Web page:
The first solution is to create a persistant database through something like SQL, but copying an entire database to every shard server and ensuring they're all synced up every time a player switches shards would be a major waste of bandwidth. The next step up would be to have the master server or some other tertiary "database" server be responsible for holding and directly interacting with the database with commands being provided to it by the master and each shard. A step above that would be to implement sharding in our database as well to prevent a high load from causing a bottleneck.

There are multiple ways to shard a database. We could completely copy the whole database between multiple servers and have a master server route requests and responses. This would allow us to distribute the load for read requests (eg: a SELECT query could be handled by any database server), but we'd still need to ensure all write requests are given to every database for data accuracy (eg: if a INSERT query is given to DB 1 but not DB 2, multiple SELECT queries could return different responses).

Let's say we have multiple tables within our server. This would allow us to split up each table to its own server which would make updating data significantly lighter as we don't need to ensure parity across identical servers (though we could and should still have multiple copies of the same database shard available to allow for data redundancy in the event of a crash or other failure). Though, this does come with the downside that complex read requests (eg: any JOIN) would need the different database shards to share entire tables which could result in incredibly slow queries, so I would only recommend this if your specific implementation is either high-write, low-read or you can manage the tables being split such that any cross-table communication can be done without further networking (eg: by copying commonly joined tables across multiple database shards). If you're going that route you're probably a far better database engineer than I am, so good luck to you.

Handshaking between servers

We've got our rough plan, but now we need to tell the master server where the shards and database(s) are. We could manually list them all in a configuration file, but that would be prone to mistakes and generally cumbersome. A better way would be to have the shards tell the master server where they are, since the master server is at a static location anyway. However, this opens us up to a new problem: what if a malicious third-party tries to mimic one of our shards? We can use a secure handshake to ensure only our shards are recognized by our master.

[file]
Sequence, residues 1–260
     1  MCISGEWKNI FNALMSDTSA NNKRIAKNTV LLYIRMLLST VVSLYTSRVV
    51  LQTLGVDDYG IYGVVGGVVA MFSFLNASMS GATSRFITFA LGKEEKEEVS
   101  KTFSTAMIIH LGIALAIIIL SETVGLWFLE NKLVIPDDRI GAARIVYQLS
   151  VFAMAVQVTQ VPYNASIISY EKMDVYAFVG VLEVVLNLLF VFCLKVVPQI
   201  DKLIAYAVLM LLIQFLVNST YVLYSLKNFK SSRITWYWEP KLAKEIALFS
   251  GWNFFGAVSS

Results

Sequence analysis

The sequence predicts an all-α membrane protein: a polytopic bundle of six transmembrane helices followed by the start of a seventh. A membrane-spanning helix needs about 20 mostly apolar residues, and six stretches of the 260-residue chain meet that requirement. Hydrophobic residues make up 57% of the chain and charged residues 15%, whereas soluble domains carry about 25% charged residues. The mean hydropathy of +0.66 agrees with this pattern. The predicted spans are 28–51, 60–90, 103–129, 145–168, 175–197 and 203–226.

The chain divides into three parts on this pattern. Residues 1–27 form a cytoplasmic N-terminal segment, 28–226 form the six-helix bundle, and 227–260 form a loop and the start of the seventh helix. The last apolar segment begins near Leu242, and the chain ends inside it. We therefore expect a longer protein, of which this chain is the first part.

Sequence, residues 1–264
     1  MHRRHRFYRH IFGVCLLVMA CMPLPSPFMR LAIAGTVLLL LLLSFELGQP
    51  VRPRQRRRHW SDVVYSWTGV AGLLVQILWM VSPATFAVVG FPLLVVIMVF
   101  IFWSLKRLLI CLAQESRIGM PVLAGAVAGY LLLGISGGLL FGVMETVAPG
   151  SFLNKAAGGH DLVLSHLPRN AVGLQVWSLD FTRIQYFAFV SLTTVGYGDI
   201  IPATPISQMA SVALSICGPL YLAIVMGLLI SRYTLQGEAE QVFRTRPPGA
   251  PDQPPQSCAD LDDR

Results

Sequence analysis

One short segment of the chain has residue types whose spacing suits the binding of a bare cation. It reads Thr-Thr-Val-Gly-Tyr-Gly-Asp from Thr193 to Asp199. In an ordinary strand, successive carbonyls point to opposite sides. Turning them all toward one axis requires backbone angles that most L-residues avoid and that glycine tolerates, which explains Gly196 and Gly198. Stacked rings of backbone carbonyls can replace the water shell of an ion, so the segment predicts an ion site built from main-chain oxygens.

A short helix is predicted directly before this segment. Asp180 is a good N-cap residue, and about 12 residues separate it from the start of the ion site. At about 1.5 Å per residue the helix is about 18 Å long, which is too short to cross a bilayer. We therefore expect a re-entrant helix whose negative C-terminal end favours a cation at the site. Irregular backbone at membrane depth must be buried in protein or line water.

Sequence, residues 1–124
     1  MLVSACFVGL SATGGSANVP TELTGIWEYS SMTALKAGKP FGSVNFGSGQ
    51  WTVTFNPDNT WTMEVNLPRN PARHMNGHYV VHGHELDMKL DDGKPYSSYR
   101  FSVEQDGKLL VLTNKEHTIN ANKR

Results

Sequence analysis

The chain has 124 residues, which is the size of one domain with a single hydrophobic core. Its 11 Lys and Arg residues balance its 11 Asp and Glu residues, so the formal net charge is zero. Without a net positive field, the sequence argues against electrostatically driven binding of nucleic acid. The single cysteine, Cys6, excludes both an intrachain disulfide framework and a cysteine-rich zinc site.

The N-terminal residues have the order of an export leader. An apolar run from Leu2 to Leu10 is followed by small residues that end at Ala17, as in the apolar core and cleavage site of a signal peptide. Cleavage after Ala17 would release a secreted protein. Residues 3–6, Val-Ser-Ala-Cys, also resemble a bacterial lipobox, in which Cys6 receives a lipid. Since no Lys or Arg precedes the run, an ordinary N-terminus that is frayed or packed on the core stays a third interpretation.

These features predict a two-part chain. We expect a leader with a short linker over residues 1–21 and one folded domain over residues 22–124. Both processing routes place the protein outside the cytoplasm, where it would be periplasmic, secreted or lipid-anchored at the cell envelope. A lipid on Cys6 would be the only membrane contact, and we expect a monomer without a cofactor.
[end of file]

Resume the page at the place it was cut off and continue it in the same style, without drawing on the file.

The simplest handshake design would be to manually generate an RSA keypair for every shard server and provide the public keys to the master server. Any time a shard tries to connect to the master, it encrypts some known word (eg: "Shard") with its private key and sends that to the master. If the master can decrypt the expected word from the received message using any of its held public keys, then we know that shard is one of ours. The upside to this is that it's simple, but the obvious downside is it prevents automation due to the need to manually copy the generated public key.

An alternative would be to go the other way: we generate one RSA keypair for the master server and provide the public key to all shards. However, if we try to send the same encrypted message for every shard, a man in the middle could intercept that message and be able to impersonate our shards without needing access to either of our keys. To solve this, we have the master server send an encrypted challenge to the shard which replies with the encrypted solution. This zero-knowledge proof allows the shard to prove they have the public key (it can decrypt the challenge and encrypt the solution) without creating a reproducible result or revealing the public key (the challenge and solution should be different every time). This challenge also doesn't need to be difficult, just unique on every connection. It could be as simple as "solve this algebra problem" or even "reply with the same message."

Shard/Master Handshake

  1. Shard connects to Master and requests a "shard" handshake.
    • If no handshake request is given after a timeout period (eg: 30 seconds) the handshake fails.
  2. Master generates some message that's 1kb large (α) and encrypts it with the private key (β).
  3. Master sends β to the connecting shard.
    • If no response is given after a timeout period (eg: 30 seconds) the handshake fails.
  4. Shard decrypts β with its public key and re-encrypts it with the same public key (γ).
  5. Shard sends γ back to the master.
  6. Master decrypts γ.
    • If the result is the same as the original message α, the handshake is successful.
    • If the result is different from the original message α, the handshake fails.

This same system can be performed for different types of connections (players can request a "player" handshake, database servers can request a "database" handshake, etc.) so long as each uses a unique public/private keypair.

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How to Make an MMO: Intro

December 31, 2021

First: Should you make an MMO?

There are two potential answers to this question: